Lata Mani is a feminist historian, cultural critic, contemplative writer & filmmaker.
She has published books and articles on a broad range of issues, from feminism and colonialism, to illness, spiritual philosophy and contemporary politics.
She was raised in Mumbai (then Bombay), entered her teens in London where she completed high school, and did her undergraduate degree in Political Science at Delhi University (1974). She subsequently worked as a media planner in the UK and in India. Her involvement in the autonomous women’s movement in India in the early 1980’s prompted her return to graduate school. She received an M.A. in Comparative World History (1983) and a Ph.D in History of Consciousness (1989) at the University of California, Santa Cruz.
She was on the faculty of Women’s Studies at the University of California, Davis, when a head injury in 1993 catapulted her into the world of illness and disability. This experience inaugurated a new phase of physical, intellectual and spiritual transformation, deepening previous commitments to social justice in unanticipated ways. Since then her writing has drawn on secular as well as contemplative frameworks in addressing pressing sociocultural issues. More recently she has allowed herself the pleasure of moving beyond text to experiments with image and sound. Her films include several collaborations with Nicolás Grandi.
Nicolás Grandi is a filmmaker, interdisciplinary artist and educator.
He has directed feature and short films which have been screened at film festivals across the world. Among them are Simón Decouvre, The Passion According to Ander, the videopoetry series which include two works with Lata Mani, Nocturne I and II, and their most recent collaboration, the experimental film De Sidere 7. He has taught film direction and the history of world cinema at the Universidad del Cine, Buenos Aires, and in the Film Department at the Srishti School of Art, Design and Technology, Bangalore. More here.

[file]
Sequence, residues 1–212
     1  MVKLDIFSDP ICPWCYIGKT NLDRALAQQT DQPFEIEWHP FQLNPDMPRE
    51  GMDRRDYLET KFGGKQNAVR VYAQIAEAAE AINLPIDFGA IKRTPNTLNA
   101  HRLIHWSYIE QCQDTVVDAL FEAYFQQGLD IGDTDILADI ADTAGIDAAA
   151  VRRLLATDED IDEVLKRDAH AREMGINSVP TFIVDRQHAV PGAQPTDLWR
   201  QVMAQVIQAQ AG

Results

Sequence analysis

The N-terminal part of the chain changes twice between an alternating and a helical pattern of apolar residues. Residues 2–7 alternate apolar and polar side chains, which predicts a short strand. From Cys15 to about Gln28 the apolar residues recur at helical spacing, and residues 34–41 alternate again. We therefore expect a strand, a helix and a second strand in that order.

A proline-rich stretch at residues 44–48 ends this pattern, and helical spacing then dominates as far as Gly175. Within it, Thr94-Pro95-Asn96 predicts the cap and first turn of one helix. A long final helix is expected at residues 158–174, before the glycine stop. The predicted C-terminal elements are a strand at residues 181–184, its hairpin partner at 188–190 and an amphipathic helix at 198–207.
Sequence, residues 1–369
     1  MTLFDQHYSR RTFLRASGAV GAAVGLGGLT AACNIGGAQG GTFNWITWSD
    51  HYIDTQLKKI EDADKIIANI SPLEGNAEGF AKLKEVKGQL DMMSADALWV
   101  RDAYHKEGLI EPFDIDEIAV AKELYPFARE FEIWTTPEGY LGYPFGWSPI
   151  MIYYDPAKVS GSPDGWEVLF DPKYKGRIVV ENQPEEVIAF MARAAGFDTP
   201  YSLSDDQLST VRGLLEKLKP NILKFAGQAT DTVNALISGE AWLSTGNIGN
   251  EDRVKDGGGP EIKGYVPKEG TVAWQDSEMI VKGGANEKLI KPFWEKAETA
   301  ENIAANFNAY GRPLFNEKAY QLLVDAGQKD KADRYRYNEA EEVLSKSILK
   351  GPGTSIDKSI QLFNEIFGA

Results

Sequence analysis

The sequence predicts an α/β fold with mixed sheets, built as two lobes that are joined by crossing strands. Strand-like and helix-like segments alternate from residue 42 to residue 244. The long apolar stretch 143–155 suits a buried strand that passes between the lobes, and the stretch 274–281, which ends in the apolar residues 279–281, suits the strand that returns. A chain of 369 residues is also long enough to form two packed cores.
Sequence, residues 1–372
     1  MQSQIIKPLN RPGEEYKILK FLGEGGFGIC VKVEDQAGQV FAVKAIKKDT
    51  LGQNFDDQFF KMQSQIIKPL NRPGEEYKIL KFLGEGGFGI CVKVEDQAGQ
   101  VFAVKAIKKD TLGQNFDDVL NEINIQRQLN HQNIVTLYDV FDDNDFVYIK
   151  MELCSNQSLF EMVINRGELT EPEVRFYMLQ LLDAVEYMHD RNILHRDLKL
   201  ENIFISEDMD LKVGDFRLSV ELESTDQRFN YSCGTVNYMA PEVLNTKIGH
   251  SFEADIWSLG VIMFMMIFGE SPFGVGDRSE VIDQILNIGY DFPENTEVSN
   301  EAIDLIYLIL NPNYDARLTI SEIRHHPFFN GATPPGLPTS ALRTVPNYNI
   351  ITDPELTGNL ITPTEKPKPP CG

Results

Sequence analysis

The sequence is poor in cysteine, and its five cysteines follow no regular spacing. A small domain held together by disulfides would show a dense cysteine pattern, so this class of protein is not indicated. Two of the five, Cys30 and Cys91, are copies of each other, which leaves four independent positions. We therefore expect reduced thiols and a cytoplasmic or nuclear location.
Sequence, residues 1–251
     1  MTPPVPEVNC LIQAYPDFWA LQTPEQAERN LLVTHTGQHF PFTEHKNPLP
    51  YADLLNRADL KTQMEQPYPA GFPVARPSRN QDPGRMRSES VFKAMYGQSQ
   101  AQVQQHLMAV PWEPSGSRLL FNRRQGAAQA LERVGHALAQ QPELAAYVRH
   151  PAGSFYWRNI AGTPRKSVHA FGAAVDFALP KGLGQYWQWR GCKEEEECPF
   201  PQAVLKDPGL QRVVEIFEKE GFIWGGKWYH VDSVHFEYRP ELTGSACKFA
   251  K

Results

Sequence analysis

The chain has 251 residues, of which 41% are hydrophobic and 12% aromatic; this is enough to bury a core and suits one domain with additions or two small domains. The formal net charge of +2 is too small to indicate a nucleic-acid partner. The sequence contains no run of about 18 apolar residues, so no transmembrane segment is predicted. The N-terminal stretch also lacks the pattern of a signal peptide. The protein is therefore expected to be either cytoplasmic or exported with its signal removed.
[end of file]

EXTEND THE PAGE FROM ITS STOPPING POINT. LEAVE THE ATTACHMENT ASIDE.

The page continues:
Ruth Frankenberg was an anti-racist feminist scholar and activist.
She was born in Cardiff, Wales and grew up in Manchester, England. She did her BA (1979) at the University of Cambridge in Social and Political Sciences, Archaeology and Anthropology and her Ph.D. (1988) at the University of California at Santa Cruz in History of Consciousness. She is the author of Living Spirit, Living Practice: Poetics, Politics, Epistemology, Duke University Press, 2004 and of White Women, Race Matters: The Social Construction of Whiteness, University of Minnesota Press 1993. She also edited Displacing Whiteness: Essays in Social and Cultural Criticism, Duke University Press, 1997 and published numerous articles including two essays co-authored with Lata Mani.
White Women, Race Matters won the American Sociological Association Jessie Bernard Award for work expanding sociology to encompass the role of women in society (1995), and the Gustavus Myers Center for the Study of Human Rights in North America award for work on intolerance in North America (1994). She taught Women’s Studies at the University of Washington and American Studies at the University of California, Davis. In the autumn of 2004 she and Lata Mani relocated to Bengaluru, India to complete work on The Tantra Chronicles. She died unexpectedly of cancer in 2007. Though her work focused on serious subjects she felt boundless optimism and lived with a lightness of touch. More here.
Photo credit for articles & audio page: Mallikarjun Katakol.
Site Design: Negar Tayyar